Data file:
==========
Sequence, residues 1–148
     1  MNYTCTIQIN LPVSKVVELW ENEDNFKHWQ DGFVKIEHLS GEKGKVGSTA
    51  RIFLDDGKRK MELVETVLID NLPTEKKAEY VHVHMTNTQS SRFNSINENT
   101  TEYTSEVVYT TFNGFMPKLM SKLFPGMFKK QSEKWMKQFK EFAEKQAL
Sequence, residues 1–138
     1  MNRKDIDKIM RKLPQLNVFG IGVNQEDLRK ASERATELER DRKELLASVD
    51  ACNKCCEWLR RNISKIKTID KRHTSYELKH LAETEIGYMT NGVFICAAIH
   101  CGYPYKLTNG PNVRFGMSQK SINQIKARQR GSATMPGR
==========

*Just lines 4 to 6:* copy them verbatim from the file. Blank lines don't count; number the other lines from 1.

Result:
   101  TEYTSEVVYT TFNGFMPKLM SKLFPGMFKK QSEKWMKQFK EFAEKQAL
Sequence, residues 1–138
     1  MNRKDIDKIM RKLPQLNVFG IGVNQEDLRK ASERATELER DRKELLASVD